School Closings in Our Cities: A Deep Ecological Problem

In this post I am going to argue that it is a mistake for large school districts such as Chicago, New York, and Atlanta to close schools on the basis of achievement and cost effectiveness.  The Chicago School District announced that they plan to close 61 schools which is 13% of the total schools in the district.  This will be the largest mass school closings in U.S. history.  If you map these schools and their communities, the Chicago school board acts as if these schools are unimportant, and indeed the children and youth that attend these schools, because they are poor, and failing state mandated tests, can be moved about at their whim.  According to the president of Chicago Principals and Administrators Association, the decision to close more than 50 schools has been done with no planning.

Deep Ecological Considerations

In their research on what they call “green governance” Burns Weston and David Bollier (2013) offer an insightful analysis of the consequences of the way business enterprises in partnership with government are “fiercely commercializing” many resources that were protected or beyond the reach of such shenanigans.  Bollier (2002) calls this a scandal, and refers to it as a “silent theft” and “the private plunder of our common wealth.”  The closing of schools in the urban environment needs to be considered in the context of ecological issues that are plaguing the world today.  All environments are subject to our understanding of the biosphere, ecosystems, ecology and environmental science.  We often fail to realize that the economic systems that are in place are not separate, but have consequences in the real world.  Weston and Bollier  (2013) call our attention to the effects of the “State and Market” pathways to development and profits.  They write:

The results include pollution and waste in the form of acid rain, hydrocarbon emissions, poisoned waterways, and toxic waste dumps; short-term overuse and destruction of natural resources such as forests, waterways, and fisheries, along with the roads, bridges, harbors, and other material infrastructure needed for their exploitation; and the devaluation of urban and other human settlements, exemplified by “brownfields” and suburban sprawl, which especially affect the poor and racial and other minorities. The policies and practices responsible for this state of affairs are morally and economically unacceptable; they are also environmentally unsustainable (emphasis mine).

The drive to close schools in the urban and inner city environments is clearly the result of policies that lack any understanding and empathy for a world-view that is sustainable, and humane.  I am not suggesting that the human species is any more important than other species of animals and plants.  I am suggesting that as one of many species sharing the earth at this time, we need to recognize how we are connected to other living things and the biosphere.  Without this kind of knowledge, it is very easy for the rich and for those in power to deal with others less fortunate in extreme inhumane ways.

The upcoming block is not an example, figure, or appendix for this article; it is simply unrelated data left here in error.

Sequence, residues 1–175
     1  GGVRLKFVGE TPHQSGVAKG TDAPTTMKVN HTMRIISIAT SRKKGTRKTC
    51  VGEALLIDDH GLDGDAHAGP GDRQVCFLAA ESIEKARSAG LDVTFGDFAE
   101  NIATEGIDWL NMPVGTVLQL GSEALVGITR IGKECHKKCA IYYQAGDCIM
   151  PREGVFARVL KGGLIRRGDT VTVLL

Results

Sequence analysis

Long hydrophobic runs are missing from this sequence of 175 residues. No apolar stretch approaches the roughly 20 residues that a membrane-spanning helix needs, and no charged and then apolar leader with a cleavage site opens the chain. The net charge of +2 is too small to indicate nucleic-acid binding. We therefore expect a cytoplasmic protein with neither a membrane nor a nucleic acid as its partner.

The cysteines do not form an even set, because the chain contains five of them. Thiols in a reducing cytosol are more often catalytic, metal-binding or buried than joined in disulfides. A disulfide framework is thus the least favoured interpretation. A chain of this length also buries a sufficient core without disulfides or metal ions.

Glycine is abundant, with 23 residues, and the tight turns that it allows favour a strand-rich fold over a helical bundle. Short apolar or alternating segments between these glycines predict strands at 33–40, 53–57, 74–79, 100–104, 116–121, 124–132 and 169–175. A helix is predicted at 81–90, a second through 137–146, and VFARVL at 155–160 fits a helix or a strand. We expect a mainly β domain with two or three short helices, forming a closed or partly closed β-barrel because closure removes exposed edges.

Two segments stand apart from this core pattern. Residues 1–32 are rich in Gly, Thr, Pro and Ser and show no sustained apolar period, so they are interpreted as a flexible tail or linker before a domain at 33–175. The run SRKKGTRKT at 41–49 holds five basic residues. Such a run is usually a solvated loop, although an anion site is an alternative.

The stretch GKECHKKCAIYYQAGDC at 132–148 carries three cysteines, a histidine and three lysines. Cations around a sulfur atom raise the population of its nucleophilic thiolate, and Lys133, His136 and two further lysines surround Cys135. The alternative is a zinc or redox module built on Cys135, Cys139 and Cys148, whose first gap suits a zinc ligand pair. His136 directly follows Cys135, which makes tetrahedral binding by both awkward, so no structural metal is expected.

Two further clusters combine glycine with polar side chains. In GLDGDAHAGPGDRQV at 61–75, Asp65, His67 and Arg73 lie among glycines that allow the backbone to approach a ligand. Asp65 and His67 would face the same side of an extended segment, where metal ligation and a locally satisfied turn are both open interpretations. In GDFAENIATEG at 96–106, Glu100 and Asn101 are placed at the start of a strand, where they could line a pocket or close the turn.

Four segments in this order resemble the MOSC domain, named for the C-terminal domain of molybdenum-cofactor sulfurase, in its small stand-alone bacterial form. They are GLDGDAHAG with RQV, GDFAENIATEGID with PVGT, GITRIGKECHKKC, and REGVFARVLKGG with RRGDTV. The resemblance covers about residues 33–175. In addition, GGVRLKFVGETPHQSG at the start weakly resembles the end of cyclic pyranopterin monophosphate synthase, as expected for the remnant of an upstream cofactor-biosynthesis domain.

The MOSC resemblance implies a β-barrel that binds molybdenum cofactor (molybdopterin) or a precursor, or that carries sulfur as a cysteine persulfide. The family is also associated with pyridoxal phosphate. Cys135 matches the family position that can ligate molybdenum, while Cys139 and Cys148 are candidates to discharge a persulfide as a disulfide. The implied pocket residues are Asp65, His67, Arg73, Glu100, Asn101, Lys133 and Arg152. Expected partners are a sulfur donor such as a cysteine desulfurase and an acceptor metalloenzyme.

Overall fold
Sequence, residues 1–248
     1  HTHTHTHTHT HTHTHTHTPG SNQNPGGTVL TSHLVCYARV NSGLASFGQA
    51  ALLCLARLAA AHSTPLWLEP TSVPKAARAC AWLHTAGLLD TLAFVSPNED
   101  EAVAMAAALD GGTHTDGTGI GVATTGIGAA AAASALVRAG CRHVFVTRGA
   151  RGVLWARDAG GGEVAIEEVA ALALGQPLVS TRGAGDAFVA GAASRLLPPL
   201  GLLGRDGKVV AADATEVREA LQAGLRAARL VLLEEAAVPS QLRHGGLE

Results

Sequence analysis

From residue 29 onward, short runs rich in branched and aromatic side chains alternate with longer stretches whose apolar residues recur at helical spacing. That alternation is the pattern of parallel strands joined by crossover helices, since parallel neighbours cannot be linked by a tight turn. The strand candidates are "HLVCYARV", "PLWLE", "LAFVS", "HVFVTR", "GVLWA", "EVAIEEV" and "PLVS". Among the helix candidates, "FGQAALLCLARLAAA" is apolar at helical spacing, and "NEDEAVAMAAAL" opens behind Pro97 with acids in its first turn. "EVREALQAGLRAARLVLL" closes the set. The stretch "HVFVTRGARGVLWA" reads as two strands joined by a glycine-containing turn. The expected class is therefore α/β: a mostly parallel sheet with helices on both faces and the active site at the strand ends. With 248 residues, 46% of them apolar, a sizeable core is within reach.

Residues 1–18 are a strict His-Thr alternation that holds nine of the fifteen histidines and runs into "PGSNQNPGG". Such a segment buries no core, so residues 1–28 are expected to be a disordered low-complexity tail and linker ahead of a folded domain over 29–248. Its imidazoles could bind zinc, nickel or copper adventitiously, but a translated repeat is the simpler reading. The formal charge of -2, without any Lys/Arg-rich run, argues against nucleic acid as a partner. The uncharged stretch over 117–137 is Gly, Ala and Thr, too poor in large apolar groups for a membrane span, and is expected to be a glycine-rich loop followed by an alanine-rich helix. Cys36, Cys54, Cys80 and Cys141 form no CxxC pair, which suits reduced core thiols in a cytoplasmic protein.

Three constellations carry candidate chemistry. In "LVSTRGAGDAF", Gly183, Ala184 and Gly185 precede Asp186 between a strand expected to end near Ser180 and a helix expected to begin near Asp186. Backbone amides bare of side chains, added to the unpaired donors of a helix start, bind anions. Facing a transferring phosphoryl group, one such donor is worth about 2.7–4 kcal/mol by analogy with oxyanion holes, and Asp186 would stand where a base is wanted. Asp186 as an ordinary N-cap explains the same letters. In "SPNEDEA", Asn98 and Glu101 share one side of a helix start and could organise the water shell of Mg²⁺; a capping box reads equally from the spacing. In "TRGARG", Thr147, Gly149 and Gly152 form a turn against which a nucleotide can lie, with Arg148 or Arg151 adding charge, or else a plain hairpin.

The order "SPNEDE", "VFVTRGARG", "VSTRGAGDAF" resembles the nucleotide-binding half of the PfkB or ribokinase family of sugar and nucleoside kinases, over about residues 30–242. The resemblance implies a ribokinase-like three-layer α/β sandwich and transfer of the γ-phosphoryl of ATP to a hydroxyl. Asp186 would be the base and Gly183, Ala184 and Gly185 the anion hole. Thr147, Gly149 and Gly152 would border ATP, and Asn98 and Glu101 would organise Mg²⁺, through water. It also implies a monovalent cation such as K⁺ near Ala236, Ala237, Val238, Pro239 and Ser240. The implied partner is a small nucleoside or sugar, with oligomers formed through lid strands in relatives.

School Closings in the U.S.
School Closings in the U.S.

In their research book entitled Ecology of Wisdom (2010), Alan Drengson and Bill Devall explore the works of Arne Naess, “mountaineer, Gandhian boxer, professor, activist and a student of life’s philosophy.”  Naess’s work has direct implications for the school closures in Chicago, and other urban districts around the country.

Arne Naess, as early as 1965 critiqued the short-term shallow ecology movement (Drengson & Devall, 2010), and compared it to his own thinking which was the long-range deep ecology movement.  Naess citied Rachel Carson as a major influence on his thinking or view of ecology (deep ecology), and joined this view with Gandhian nonviolence, to become an environmental activist.  The Chicago Teachers Union, which resisted peacefully the Chicago school board’s actions last year, is pushing back against the proposed school closings.

Naess realized that it was crucial to have a “whole view of the world and life” to have meaningful dialogue about the environment.  He also believed deeply in the Gandhian belief of respecting the humanity of others.  According to Drengson & Devall, Naess was an interdisciplinary thinker, and was interested in studying grassroots movements to realize the main principles and values of the movement.  The teacher’s union in Chicago, in my view, is a grassroots movement of educators who are willing to act on principles of equity and fairness, and a deep understanding of the ecology of neighborhoods and significance of schools.